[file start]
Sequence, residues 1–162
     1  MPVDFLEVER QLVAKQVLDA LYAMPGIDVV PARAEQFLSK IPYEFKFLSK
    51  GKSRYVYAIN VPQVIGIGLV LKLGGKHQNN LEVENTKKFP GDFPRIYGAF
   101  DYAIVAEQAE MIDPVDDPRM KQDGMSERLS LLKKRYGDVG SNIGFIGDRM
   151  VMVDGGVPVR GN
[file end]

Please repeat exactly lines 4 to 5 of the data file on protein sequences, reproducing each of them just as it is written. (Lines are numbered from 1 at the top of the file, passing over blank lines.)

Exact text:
   101  DYAIVAEQAE MIDPVDDPRM KQDGMSERLS LLKKRYGDVG SNIGFIGDRM
   151  VMVDGGVPVR GN